Sixty years ago, on July 27, 1957, in a historic Shinto shrine in Tokyo, Japan, Hisae Kawashima and David Reichel were married. David wore a classic robe and carried a dagger to ward off intruders; Hisae was beautiful in her bridal kimono complete with a cloth band to hide her “horns of jealousy.” The priest, who wore a traditional white robe and a black eboshi, made offerings to the Gods while chanting the commitments of their union from a 16th century scroll. Hisae’s father was ill (her mother was deceased) so her uncle, head of the family (mandatory in the day), gave her away.
Dave and Hisae first met in April of 1956 at the renowned English Conversation School in Tokyo. Having recently received a highly coveted doll-making teaching credential, Hisae had enrolled to advance her English skills. Dave, ever inquisitive, dropped in one day and joined the students and native English speakers in a round table discussion group to rigorously improve their pronunciation. Hisae, easily the most fluent, led the group. For Dave it was love at first sight.
Hisae taught American servicemen’s wives and wealthy Japanese ladies afternoons and evenings and took classes daytime, so was multi-tasking long before it became a buzzword.
Dave, who was a cartographer with an engineering battalion in central Tokyo, was very busy as well, so they met only occasionally for evening coffee or a walk in the park. Dave left Japan in December, mustered out and after a brief family visit in Florida, flew to Berkeley and entered the University of California, where he ultimately obtained his B. of Arch. degree.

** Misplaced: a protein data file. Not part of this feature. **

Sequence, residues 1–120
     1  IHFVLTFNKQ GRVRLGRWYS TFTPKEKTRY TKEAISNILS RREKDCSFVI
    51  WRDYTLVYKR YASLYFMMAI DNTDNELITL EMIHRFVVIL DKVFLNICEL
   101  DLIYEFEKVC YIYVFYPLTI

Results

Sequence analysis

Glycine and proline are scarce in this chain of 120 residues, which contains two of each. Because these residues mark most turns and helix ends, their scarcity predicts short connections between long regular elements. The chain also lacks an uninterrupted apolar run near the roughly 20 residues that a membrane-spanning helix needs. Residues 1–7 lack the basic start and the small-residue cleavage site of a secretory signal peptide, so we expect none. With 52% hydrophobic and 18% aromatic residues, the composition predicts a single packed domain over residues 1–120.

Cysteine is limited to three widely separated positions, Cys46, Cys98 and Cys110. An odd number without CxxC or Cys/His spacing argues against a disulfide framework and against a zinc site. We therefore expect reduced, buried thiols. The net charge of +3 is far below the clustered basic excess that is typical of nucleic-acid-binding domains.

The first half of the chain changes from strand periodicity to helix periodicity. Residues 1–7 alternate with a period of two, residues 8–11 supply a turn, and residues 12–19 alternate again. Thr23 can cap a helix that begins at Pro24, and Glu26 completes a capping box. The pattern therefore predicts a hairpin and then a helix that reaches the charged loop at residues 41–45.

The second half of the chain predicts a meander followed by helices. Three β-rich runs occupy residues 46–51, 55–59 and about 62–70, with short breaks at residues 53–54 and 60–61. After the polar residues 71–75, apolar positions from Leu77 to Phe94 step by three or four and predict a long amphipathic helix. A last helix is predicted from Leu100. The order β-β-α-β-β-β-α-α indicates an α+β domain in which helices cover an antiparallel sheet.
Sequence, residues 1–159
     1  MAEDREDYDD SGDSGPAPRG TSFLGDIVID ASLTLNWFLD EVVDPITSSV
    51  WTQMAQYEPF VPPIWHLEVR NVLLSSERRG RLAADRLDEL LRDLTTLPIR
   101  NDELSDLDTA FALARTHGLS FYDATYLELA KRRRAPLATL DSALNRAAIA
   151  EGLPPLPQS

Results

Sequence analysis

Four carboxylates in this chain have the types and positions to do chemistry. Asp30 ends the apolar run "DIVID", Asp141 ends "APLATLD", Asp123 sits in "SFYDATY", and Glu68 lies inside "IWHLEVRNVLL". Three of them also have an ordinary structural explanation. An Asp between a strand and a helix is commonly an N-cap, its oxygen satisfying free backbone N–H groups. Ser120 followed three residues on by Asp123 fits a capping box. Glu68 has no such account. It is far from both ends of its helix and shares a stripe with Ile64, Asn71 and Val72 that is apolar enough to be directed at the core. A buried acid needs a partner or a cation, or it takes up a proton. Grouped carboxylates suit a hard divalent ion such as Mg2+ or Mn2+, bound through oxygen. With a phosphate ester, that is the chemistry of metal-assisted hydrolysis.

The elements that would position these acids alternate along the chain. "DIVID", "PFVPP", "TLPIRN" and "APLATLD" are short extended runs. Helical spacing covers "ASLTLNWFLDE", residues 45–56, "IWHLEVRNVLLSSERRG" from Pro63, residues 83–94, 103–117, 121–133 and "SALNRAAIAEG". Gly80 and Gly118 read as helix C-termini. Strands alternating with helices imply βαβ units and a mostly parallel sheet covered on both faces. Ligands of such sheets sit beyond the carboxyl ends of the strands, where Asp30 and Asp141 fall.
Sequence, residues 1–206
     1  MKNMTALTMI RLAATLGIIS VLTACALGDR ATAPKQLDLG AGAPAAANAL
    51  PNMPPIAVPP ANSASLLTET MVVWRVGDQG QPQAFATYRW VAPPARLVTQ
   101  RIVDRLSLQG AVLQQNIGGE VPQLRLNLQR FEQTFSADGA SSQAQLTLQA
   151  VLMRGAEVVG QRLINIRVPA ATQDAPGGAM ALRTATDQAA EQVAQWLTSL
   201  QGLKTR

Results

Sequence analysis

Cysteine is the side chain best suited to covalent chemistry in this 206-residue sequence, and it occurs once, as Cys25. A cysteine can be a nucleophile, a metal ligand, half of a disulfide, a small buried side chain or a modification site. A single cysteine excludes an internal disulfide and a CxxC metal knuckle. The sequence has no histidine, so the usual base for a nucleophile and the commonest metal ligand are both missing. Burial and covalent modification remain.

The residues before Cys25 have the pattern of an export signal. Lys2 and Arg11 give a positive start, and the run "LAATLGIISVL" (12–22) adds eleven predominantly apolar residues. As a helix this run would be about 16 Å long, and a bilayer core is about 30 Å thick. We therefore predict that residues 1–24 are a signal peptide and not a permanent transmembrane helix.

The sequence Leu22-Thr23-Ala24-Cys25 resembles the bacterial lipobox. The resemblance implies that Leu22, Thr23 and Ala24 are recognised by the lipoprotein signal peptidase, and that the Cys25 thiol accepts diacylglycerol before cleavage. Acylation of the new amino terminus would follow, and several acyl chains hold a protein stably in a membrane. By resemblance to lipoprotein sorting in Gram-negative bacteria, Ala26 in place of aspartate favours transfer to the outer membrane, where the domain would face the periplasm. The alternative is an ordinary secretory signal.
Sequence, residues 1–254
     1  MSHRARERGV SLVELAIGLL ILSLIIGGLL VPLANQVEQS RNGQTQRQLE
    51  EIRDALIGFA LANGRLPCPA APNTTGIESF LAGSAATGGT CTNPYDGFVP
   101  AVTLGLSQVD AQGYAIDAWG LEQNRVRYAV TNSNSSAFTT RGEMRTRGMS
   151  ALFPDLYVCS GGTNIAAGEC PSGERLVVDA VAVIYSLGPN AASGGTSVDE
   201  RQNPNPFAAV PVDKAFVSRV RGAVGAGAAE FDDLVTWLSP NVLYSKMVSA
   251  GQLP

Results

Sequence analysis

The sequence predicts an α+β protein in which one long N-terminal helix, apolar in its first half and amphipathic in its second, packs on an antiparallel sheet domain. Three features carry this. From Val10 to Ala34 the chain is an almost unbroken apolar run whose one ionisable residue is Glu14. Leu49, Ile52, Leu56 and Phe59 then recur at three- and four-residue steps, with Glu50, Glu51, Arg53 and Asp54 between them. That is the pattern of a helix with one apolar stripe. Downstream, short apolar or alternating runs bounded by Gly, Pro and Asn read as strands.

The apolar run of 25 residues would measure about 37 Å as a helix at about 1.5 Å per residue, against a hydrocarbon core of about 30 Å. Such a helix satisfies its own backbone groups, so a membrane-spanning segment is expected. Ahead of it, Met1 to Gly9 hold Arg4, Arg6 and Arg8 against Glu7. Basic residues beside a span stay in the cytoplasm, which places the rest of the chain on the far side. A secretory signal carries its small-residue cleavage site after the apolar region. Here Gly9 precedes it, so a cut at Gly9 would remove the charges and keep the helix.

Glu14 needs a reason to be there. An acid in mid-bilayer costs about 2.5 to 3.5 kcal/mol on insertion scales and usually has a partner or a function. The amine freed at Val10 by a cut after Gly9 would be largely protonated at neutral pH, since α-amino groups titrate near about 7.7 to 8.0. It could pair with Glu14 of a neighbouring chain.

When Dave left Japan he gave Hisae a quarter so she could buy a milkshake when she came to America. (She got the meaning but was skeptical of the reality.) Air letters flew. Love was not to be denied. Dave, between semesters, returned to Tokyo and they married.
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Hisae had saved the quarter and celebrated her new life with that milkshake.
Thus they began home life in Oakland that November, where they lived for 45 years. Hisae began working at Kaiser Hospital, her tenure lasting 31 years, while still raising two children, John Kento and Ellen Kei. Dave, after a brief apprenticeship, settled into private architectural practice designing custom homes.
Both love to travel. The family crossed the country frequently and beginning in 1972 Dave and Hisae began travelling worldwide which, of course, included many visits to Japan.
Although visits into Napa Valley began in the early ‘60s, it wasn’t until 2001, upon Hisae’s retirement, that they moved here. Luckily they found a downtown Napa home with an enormous level lot. Here Dave expanded on his yen for gardening, built an architectural office and art studio and Hisae continued her doll-making, quilting and crafts.
Hiking/walking that has replaced running, and travel that has become more cruise-oriented, now share time with Dave’s volunteer work and Hisae’s many quilting projects and a new great granddaughter.